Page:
PIERRE, S.D. (KELO) — The Legislature’s task force looking into mental health problems of first responders in South Dakota went to the source at its first meeting this week.
The panel on Thursday heard stories and suggestions from firefighters, EMTs and law enforcement officers, as well as their counselors.
“Our goal is to define and diagnose the mental health issues of first responders,” said Representative Rhonda Milstead, a Hartford Republican who chairs the task force.
The testimonies Thursday brought out some emotions and showed real-life examples of post-traumatic stress disorder.
One challenge the group heard is South Dakota lawmakers haven’t recognized mental-health issues as a problem under the state’s workers-compensation laws.
Another is South Dakota’s vast geography, that puts many of the law officers, firefighters and emergency-services people an hour or longer drive away from services.
Many serve as volunteers, because local taxpayers rank other basic services higher.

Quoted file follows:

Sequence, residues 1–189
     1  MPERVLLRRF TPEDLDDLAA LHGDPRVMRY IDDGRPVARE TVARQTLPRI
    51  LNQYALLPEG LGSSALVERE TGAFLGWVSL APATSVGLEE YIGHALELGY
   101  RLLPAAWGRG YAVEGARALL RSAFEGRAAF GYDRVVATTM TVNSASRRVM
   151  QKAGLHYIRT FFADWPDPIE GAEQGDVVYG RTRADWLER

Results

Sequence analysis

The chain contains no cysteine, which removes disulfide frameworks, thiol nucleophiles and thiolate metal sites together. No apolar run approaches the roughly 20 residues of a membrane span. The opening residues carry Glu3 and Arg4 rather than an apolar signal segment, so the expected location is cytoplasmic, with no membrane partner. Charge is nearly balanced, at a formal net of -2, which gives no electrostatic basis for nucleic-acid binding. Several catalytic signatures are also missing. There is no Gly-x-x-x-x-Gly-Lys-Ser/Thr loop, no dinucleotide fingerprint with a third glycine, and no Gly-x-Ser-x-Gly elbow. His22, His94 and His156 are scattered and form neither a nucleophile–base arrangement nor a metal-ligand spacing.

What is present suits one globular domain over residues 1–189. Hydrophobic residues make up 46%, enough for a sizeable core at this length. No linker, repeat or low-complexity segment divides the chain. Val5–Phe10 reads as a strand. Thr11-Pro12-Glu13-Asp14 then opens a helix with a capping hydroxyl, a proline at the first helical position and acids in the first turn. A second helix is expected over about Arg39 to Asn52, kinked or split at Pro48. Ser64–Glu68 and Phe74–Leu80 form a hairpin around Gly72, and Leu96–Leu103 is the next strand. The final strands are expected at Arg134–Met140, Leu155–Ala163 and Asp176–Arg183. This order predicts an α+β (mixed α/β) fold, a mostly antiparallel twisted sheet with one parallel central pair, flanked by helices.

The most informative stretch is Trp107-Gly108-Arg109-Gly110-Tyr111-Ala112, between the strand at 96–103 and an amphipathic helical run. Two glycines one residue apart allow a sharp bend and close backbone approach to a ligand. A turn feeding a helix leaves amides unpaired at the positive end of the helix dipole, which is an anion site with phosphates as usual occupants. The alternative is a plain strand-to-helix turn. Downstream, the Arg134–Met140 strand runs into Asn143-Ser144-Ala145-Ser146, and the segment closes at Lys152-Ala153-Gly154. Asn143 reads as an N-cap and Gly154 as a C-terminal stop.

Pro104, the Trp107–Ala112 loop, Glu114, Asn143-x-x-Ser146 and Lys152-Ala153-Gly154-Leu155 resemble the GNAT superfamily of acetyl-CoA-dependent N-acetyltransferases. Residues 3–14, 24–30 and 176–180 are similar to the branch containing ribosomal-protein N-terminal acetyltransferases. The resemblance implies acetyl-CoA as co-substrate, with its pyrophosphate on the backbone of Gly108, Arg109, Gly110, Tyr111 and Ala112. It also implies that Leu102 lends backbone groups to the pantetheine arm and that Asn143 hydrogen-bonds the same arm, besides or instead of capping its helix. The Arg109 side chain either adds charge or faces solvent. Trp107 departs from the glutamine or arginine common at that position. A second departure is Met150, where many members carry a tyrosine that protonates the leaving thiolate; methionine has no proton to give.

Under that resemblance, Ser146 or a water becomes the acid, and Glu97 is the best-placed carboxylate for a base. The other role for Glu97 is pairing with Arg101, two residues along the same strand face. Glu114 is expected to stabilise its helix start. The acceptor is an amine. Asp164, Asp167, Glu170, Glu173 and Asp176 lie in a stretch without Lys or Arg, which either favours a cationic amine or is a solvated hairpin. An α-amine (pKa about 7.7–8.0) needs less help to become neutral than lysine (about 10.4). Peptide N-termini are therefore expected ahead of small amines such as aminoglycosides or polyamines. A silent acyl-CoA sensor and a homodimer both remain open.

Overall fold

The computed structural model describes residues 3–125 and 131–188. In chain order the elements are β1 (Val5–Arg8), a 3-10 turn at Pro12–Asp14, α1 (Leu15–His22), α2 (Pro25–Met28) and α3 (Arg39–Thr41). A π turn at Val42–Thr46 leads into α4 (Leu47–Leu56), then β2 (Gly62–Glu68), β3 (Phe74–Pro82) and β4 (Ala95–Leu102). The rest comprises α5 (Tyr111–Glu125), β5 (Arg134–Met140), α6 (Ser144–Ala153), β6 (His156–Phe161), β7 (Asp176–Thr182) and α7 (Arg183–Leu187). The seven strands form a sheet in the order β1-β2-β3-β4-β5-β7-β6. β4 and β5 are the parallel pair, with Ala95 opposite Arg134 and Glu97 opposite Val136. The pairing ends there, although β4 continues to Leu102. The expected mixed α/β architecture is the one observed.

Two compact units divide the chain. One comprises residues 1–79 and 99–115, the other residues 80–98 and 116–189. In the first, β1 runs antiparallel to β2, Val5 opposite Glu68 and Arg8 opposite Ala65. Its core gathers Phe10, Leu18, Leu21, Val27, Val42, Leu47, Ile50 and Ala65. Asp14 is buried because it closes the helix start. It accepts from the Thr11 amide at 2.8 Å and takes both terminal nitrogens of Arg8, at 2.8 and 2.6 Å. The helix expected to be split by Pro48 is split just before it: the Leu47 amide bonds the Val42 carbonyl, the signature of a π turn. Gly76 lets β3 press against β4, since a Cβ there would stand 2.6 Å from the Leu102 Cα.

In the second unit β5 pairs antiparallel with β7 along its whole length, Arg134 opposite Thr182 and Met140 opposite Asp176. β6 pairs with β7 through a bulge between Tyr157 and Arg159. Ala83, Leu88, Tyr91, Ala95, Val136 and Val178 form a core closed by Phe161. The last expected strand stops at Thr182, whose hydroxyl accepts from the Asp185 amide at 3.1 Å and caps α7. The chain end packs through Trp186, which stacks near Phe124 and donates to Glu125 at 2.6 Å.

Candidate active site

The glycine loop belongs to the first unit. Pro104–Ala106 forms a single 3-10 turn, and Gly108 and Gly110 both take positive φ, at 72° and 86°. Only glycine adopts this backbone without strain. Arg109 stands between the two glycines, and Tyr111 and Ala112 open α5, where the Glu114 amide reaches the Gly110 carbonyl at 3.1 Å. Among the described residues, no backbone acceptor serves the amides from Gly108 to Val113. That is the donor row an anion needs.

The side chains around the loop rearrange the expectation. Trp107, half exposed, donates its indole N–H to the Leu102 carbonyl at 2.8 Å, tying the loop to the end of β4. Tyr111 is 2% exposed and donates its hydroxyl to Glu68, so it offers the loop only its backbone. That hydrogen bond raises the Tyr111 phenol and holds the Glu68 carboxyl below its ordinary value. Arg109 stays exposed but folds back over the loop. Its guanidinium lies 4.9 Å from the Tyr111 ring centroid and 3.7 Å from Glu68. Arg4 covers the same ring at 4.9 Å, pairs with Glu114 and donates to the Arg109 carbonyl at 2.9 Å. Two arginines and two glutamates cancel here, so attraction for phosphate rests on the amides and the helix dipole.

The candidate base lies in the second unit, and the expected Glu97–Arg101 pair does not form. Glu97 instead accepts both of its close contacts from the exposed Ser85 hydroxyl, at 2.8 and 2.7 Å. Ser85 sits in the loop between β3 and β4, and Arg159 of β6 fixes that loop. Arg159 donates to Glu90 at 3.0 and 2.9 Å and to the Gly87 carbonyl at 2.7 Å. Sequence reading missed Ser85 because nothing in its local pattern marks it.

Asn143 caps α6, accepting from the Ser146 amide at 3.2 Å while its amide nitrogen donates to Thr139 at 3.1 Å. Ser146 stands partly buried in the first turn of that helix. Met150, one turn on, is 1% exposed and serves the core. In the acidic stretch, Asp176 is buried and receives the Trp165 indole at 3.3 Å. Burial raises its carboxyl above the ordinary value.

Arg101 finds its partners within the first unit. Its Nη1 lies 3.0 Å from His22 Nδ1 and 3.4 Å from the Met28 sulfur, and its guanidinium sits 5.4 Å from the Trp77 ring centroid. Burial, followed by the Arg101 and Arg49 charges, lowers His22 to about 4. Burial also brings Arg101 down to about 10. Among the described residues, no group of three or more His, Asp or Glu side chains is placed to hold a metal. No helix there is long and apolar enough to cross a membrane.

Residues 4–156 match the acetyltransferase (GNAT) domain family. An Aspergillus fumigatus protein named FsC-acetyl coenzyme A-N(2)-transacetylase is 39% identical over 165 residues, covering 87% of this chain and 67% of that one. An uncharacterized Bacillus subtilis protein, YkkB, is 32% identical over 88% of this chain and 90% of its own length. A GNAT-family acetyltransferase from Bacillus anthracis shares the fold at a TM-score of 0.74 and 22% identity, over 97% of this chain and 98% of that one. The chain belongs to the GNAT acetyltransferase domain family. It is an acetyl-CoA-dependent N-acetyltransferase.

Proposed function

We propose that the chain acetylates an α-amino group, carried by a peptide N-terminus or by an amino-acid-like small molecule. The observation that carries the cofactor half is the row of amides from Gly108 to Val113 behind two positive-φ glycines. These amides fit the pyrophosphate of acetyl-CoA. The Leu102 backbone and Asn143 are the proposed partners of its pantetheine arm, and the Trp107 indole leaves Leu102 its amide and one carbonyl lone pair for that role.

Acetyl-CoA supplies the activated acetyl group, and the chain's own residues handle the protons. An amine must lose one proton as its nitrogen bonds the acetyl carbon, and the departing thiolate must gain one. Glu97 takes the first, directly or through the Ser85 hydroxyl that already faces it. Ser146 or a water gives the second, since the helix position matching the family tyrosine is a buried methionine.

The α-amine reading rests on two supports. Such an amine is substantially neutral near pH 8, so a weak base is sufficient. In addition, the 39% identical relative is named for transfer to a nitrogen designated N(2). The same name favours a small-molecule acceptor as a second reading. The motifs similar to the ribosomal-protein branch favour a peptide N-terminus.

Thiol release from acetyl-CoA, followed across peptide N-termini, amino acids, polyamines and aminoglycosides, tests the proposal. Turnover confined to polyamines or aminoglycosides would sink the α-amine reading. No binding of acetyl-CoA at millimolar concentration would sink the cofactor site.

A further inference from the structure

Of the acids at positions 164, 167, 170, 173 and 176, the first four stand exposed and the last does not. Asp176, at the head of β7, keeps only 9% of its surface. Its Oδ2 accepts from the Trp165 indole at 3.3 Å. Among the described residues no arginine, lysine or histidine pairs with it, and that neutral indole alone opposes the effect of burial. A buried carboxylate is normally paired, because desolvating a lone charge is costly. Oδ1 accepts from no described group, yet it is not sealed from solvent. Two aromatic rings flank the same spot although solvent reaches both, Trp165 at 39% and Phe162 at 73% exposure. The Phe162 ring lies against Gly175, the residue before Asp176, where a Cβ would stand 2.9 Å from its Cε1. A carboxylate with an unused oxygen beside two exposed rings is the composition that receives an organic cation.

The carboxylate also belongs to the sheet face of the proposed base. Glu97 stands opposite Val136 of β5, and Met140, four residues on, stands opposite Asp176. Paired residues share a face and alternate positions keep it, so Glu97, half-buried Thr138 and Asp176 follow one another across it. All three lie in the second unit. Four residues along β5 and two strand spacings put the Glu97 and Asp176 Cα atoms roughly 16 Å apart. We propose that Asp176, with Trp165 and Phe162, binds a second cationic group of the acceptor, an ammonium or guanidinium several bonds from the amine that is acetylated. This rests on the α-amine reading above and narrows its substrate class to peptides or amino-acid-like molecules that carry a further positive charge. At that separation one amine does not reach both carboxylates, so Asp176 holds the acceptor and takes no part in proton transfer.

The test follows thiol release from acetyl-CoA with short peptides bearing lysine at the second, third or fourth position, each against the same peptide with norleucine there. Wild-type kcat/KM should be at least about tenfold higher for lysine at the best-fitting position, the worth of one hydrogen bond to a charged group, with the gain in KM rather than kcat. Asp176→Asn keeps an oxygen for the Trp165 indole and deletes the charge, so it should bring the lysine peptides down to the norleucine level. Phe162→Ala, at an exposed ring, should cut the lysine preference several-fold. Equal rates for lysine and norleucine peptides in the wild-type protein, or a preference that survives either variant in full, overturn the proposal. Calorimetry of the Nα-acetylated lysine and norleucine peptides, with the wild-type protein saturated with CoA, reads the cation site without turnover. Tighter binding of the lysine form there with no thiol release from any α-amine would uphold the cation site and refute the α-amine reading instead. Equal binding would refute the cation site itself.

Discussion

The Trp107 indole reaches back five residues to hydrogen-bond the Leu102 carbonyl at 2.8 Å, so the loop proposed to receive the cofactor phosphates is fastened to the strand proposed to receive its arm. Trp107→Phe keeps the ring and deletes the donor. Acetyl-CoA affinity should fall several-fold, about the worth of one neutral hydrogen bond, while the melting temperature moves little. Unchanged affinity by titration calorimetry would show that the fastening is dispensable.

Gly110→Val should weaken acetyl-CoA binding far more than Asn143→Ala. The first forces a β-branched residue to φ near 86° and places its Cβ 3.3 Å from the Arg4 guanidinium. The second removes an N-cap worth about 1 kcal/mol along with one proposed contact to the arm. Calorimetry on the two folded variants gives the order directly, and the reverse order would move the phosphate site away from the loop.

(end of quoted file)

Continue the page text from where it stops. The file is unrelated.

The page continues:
There’s also the difficulties that many have coming forward, regardless of where they work.
Nor does South Dakota have a statewide standard for how mental health of first responders should be addressed.
Milstead said the work ahead would consume a lot of the task force members’ time during the next three to four months.
First responders came to the Legislature last winter seeking a state law that would have recognized PTSD as a reason to be eligible for workers compensation. The House Commerce and Energy Committee killed HB 1142, even after it was turned into a study.
The resolution’s prime sponsor was Milstead. Her husband is the Minnehaha County sheriff, Mike Milstead. Representative Ryan Cwach, a Yankton Democrat, had sponsored the PTSD legislation. He is vice chair of the task force.
The Executive Board established the task force at its June 8 meeting.
Representative Milstead said the panel at its next meeting will gather information about how things are, while the October meeting will look at gaps.
The November meeting will seek answers why lobbyists worked during the legislative session against the bill, she said.
Meanwhile the Legislative Research Council is analyzing workers-comp laws throughout the 50 states.
Near the end Thursday, a task force member asked whether mental-health issues have become more severe among first responders in the past 30 years.
Sheriff Milstead said there is more awareness and a broader understanding of PTSD.
“I think we’re recognizing as a society it’s an issue. I don’t know that it’s happening more,” he said.